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Five Fatal Flaws in Project Metrics

Have you ever heard of project success defined as that project being completed “on time, within budget, and to scope?” This traditional definition may have been useful for project leaders in the past; however, there’s much more to consider for present-day programs. 

The Five Fatal Flaws of Project Metrics 

Only using project metrics focused on time, budget and scope are flawed because they do not account for important project and business success factors. Let’s look at what time, budget and scope DO NOT ACCOUNT FOR in their metrics.

1. They Do Not Account for Benefits Realisation

A project should be measured for its return on investment and whether or not the intended benefits of the effort were realised. That’s an important measure of success that links back to the initial strategy, business case and why the project was undertaken in the first place.

2. They Do Not Account for VUCA

VUCA is an acronym for volatility, uncertainty, complexity and ambiguity. The term reflects the unpredictable nature of the world whether it’s the speed of change (V), lack of predictability (U), confounding cause-and-effect reactions (C), and the mixed meaning or misinformation surrounding a situation (A). 

Given the pace of change in the market and the global impact from Covid-19 alone, project metrics need to account for ‘learning and adapting as you go’ on a project. A successful project is one that had the foresight to adapt to the market and pivot, rather than carry-on to deliver on time, budget and scope for something the world no longer needed. 

3. They Do Not Account for Team Health and Wellbeing

One of the unfortunate knock-on effects of using traditional project metrics is that it’s been acceptable to under-resource a program and/or ignore raised issues and risks to stay under budget and on scope. 

When a project delivers on time, in budget and to scope, and then the majority of the team departs the organisation from burn-out (taking their knowledge and expertise with them), that is not a success for the business. 

4. They Do Not Account for Business Integration

A project that is deemed a success in terms of time, budget and scope, but was delivered in a silo without end-to-end integration is not really a success for the business. 

A downside to using traditional project metrics is that scope may be ‘reduced’ for the sake of budget and time. It is reasonable to run a proof of concept with a limited scope, and that is different. It is less reasonable to plan a program that requires manual workarounds, or does not account for the customer journey across departments, or ignores the role of a key department, like Operations.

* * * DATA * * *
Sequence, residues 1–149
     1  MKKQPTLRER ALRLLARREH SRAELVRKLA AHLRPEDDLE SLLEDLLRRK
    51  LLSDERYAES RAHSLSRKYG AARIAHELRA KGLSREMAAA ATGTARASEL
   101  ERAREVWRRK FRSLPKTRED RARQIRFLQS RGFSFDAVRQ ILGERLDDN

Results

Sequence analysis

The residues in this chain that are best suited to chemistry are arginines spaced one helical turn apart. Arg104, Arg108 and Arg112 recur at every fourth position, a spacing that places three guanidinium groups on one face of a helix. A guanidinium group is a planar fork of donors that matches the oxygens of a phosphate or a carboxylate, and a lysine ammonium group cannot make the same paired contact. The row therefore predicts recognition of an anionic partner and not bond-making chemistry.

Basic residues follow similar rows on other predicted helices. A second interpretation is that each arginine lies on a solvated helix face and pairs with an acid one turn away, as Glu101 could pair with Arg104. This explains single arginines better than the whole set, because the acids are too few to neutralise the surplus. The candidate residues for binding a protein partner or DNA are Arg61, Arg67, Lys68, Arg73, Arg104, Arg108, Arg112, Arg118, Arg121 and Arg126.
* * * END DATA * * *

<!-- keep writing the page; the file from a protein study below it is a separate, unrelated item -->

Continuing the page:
5. They Do Not Account for Re-work After Delivery

During the testing phase of a project, unexpected issues arise. It’s a good thing because that is the point of testing the product/system/platform, etc. Unfortunately, when the outcome of testing results in a delay in time to fix issues, an increase in investment for the fix and re-testing, and even a possible scope shift to add an important feature, a project outcome may be compromised if the baseline for time, budget and scope cannot be reset. 

If a project is compromised in this way, there is likely to be re-work to fix bugs and malfunctions. There is also a cost to poor customer and employee experience. When that happens - and even if the project was delivered on time, in budget and to scope - it’s not really a success for the business.  

One of the really important metrics is benefits realisation. The benefits are the WHY behind the project and the investment. It’s important not to lose sight of the big picture of these benefits along the way. 

Uncover the Benefits

Here is a brief example to explain the importance of benefits realisation in a common, current project focused on the transition to the future of work. There are at least four points in this project where it’s important to define and measure activity for the purposes of analysing effectiveness. The 4 points (with examples) are:

  1. Program Milestones (The plan was completed to transition to a hybrid work model.)
  2. Program Go-Live Milestones (New practices and systems went into effect to support the hybrid model.)
  3. Adoption Milestones (Employees took up the hybrid model, new behaviours, practices and systems.)
  4. Benefits Realisation Milestones (Employees reported feeling connected. Employees collaborated well virtually. There were no reported feelings of isolation.)

Consider the metrics that you use to measure projects’ outcomes, benefits and return to the business. If you have any questions on the topic, pop them into the comments section below. We’re happy to help. Alternatively, if you think this article would benefit your project team or network, feel free to share it and tag us! 

Temre Green, PhD

Temre Green, PhD

Head of Consulting Services, Australia & New Zealand. Temre has designed, planned and delivered business strategy and transformation programs that were driven by a range of factors, such as innovation, growth, compliance, regulations, restructures and economic downturns. As an Industrial-Organisational Psychologist, Temre has spent her career dedicated to organisational behaviour and the work environment. She is currently focused on the future of work and multiple areas of organisational development that support organisational growth and health.

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